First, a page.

Brad Pitt straps on the space suit to play an aloof astronaut who launches off to deep space to investigate some recent abnormal events possibly related to his father’s disappearance in “Ad Astra,” a potent psychological thriller costarring Tommy Lee Jones, Donald Sutherland and Ruth Negga.
Coming on the heels of his incredible Amazonian adventure, “The Lost City of Z,” writer-director James Graydelivers yet another compelling and thoughtfully crafted piece of filmmaking, applying his classicist style to the space film genre and adding some unnerving psychological aspects to the narrative as well. Working from a script he co-wrote with Ethan Gross(“Fringe”) Gray credibly depicts the film’s futuristic setting as well as the world of space travel, relating some complex ideas along the way without ever impeding on entertainment value or dramatic intent. Mesmerizingly shot by cinematographer Hoyte Van Hoytema(“Dunkirk”) in a way that immerses viewers in the story’s intergalactic setting as well as Pitt’s character’s increasingly paranoid perspective, “Ad Astra” is a trippy space thriller that reels viewers into its mysterious aura. Rounding out this stellar space thriller is an awards-caliber performance by Brad Pitt, his second this year after “Once Upon a Time…in Hollywood,” and a haunting supporting turn by Tommy Lee Jones.
Set in the future, “Ad Astra” centers on astronaut Maj. Roy McBride (Brad Pitt), the head of a space team tasked with building the world’s largest antenna, the purpose of which is to detect advanced alien life. Stoic and goal-oriented, Roy is notable for his grace under pressure, never letting his heart rate rise above eighty beats per minute. Roy may have inherited this trait from his father, H. Clifford McBride (Tommy Lee Jones), a legendary astronaut who went missing sixteen years earlier on a mission to Neptune called The Lima Project, whose goal was to find signs of intelligent life.
When a power surge nearly kills Roy – one of many similarly catastrophic electrical surges on Earth as of late – intelligence officials suspect it is the result of cosmic rays that originated in an area of deep space not far from where Roy’s father was last seen alive. As if nearly dying isn’t enough of a nerve test, Roy’s unwavering heart rate is further tested when he learns from government officials that his father is not only alive, but potentially responsible for the recent electrical surges. Along with Colonel Pruitt (Donald Sutherland), a retired astronaut and friend of his father, Roy sets off to deep space to find his father before he can cause any more destruction. Along the way, Roy encounters a slew of intergalactic setbacks, including treachery, lunar pirates, and killer space chimps.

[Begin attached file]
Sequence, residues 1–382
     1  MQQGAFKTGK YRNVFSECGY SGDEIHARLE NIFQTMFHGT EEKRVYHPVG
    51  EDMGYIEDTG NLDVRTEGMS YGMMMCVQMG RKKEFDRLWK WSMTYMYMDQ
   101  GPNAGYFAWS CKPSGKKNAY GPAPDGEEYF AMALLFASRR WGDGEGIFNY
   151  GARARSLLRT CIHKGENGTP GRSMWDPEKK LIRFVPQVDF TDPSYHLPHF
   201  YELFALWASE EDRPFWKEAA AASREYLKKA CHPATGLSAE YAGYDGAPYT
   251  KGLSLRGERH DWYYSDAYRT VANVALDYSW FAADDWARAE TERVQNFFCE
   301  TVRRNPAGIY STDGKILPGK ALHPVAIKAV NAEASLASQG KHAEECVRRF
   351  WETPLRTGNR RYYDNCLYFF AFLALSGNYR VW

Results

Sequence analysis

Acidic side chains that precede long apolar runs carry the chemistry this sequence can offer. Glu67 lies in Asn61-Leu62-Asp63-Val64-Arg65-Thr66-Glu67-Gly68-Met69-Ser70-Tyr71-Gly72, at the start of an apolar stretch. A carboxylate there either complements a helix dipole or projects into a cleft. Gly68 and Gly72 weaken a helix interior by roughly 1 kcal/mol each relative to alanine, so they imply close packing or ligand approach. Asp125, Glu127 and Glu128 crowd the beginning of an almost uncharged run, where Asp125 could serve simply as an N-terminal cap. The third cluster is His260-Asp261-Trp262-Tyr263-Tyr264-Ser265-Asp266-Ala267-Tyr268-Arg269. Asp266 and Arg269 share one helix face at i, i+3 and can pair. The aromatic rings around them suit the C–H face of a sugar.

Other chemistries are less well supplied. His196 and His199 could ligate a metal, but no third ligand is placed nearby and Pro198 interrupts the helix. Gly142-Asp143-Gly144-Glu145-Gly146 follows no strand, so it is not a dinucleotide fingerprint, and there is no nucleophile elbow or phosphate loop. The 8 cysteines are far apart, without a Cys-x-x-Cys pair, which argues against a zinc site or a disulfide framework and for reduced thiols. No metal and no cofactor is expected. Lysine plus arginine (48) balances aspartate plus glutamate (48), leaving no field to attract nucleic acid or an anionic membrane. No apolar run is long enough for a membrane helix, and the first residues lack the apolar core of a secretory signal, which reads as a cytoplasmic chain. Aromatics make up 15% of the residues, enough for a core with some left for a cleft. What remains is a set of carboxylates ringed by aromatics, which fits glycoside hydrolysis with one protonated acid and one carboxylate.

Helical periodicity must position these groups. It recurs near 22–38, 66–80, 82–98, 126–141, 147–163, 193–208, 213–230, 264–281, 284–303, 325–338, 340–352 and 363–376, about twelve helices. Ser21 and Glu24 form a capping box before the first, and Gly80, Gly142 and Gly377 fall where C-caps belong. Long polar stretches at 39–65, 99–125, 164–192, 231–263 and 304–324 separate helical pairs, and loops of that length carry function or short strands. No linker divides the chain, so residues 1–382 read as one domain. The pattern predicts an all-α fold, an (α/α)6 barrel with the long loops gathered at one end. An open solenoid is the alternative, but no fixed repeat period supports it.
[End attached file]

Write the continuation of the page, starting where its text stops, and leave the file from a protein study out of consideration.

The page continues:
With his most mature, insightful and captivating work to date, filmmaker James Gray offers audiences a space film that adheres to a classical narrative style but feels wholly unique to the genre, a singular experience as much interested with exploring the mind as it is with exploring the universe. A jarringly realistic portrayal of the rigors of space travel, a psychological exploration of solitude, a deeply felt father-son family drama, “Ad Astra” has ambitions far larger than your average space film, and its otherness is at least partially attributable to these aspirations. A challenging but rewarding cinematic experience, the original screenplay by Gray and longtime associate Ethan Gross is a spellbinding affair with a subtle but powerful dramatic punch and will leave audiences pondering the storyline’s many mysteries. Helping this space saga truly take flight is cinematographer Hoyte Van Hoytema’s jarringly beautiful camerawork, Max Richter’s stirring score, and John Axelrad and Lee Haugen’s skillful editing.
Taking on one of the more demanding roles of his career, Brad Pitt captures his character’s grace and eventual psychological turmoil with maximum believability in a deeply introspective turn as astronaut Roy McBride, delivering a memorable and surprisingly layered performance. Given how good he also was as stuntman Cliff Booth in Quentin Tarantino’s “Once Upon a Time…in Hollywood,” it would come as no surprise to see Pitt vying for both Best Supporting Actor as well as Best Actor this awards season. Speaking of supporting actors, as Pitt’s long-lost father, screen legend Tommy Lee Jones delivers a truly haunting performance and leaves a lasting impression in his minimal screen time. Donald Sutherland is also a welcome presence as Roy’s travel companion and old family friend, as is Ruth Negga playing a superintendent on Mars that Roy encounters en route to finding his father.
“Ad Astra” is a trippy space thriller full of mesmerizing mystique.
By Lucas Mirabella
Running Time: 124 minutes
Rated PG-13 for some violence and bloody images, for brief strong language.